If you’re worried you might have deleted something important, it’s fine. It’s the internet! Someone will tell you.

An XKCD cartoon where someone is on the computer, saying they can't come to bed yet because someone is wrong on the internet

CHECK IN: Congratulations! You’ve made your docs better and you haven’t written a single thing!

We’re going to take things one step further and make your docs even more helpful:

  • Can people move around your documentation and find what they need?

  • Are things where people expect to look? If they first look in the wrong spot, can they easily GET to the right spot?

These concepts relate to Information Architecture, and you can get into things like “signposts”, “escape hatches/off ramps”. These are all the structural things we add to our documentation to help people quickly and easily situate themselves and move around.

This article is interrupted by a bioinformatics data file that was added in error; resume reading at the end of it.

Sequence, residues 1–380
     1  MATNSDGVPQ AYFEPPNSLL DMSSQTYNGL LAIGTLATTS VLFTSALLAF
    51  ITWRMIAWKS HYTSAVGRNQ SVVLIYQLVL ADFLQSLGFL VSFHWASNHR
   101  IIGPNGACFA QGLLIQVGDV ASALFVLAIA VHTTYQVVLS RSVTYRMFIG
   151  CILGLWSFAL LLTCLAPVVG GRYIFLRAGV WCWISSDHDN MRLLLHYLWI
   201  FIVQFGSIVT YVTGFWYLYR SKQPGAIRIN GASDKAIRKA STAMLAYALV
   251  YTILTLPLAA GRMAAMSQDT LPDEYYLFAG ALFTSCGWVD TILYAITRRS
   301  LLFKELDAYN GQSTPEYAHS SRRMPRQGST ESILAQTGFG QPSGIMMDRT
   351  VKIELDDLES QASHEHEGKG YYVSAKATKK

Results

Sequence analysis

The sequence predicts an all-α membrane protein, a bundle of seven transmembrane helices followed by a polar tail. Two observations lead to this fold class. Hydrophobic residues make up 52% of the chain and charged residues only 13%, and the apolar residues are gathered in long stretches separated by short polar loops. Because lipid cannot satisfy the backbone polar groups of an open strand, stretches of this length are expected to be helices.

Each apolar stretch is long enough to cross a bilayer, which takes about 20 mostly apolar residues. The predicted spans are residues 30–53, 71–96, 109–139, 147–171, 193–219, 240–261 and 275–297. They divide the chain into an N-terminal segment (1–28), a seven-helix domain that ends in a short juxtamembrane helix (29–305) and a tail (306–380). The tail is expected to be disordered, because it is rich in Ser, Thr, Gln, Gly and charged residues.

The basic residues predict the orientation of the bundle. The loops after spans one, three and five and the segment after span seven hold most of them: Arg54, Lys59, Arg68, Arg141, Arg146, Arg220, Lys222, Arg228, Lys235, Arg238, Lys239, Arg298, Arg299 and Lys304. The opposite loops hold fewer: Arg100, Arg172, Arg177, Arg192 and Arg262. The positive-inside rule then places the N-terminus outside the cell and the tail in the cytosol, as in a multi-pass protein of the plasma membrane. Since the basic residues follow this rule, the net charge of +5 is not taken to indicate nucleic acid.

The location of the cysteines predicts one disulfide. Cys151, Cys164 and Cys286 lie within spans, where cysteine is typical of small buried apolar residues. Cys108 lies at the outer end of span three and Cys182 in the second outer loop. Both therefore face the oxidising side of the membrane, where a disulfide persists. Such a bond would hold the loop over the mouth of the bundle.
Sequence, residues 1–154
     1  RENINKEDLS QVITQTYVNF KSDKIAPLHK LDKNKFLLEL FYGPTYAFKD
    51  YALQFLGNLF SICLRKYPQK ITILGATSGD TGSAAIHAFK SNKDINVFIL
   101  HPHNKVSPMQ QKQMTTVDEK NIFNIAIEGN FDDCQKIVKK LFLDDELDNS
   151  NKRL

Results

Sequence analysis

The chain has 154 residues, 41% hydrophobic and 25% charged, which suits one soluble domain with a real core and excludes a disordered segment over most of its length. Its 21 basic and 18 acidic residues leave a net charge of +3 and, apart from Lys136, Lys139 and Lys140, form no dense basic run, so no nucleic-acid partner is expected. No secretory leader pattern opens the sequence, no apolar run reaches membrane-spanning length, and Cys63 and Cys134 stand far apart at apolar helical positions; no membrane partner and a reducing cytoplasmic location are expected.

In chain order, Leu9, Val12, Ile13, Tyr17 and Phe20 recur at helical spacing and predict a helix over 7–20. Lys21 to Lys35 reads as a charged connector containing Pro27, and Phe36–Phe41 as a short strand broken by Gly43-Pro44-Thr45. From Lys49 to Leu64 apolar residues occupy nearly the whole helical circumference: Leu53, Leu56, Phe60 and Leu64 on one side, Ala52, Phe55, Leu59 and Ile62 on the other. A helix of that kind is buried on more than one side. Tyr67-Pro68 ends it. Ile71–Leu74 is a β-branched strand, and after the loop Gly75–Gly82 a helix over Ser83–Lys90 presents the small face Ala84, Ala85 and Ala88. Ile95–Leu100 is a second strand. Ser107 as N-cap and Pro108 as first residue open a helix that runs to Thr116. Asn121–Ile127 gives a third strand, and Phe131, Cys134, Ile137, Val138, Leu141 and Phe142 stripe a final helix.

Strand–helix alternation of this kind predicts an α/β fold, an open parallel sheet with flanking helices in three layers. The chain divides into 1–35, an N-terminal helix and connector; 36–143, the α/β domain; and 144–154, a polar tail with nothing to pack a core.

When someone lands in your your docs, can they get where they need to go before they lose hope? And remember that a lot of people will enter your documentation via a web search, and not necessarily ”on page one.” So every page you have needs to pull their own weight. This is not just a task for a landing page.

The good news though, if there’s only one page, your reader can’t be on the wrong page.

A book cover titled Every Page is Page One next to the thinking, pointing at brain meme

I’m serious! If you don’t know how to structure your content, there is nothing wrong with one huge README to start! Even if your readers have to look around, at least they’ll know they’re on the right page!

If the only reason docs exist is to be HELPFUL, to SOMEONE, trying to DO SOMETHING, then the first step in organizing your content is thinking about how to get your readers to the material that actually helps them accomplish the task they came for. e.g.: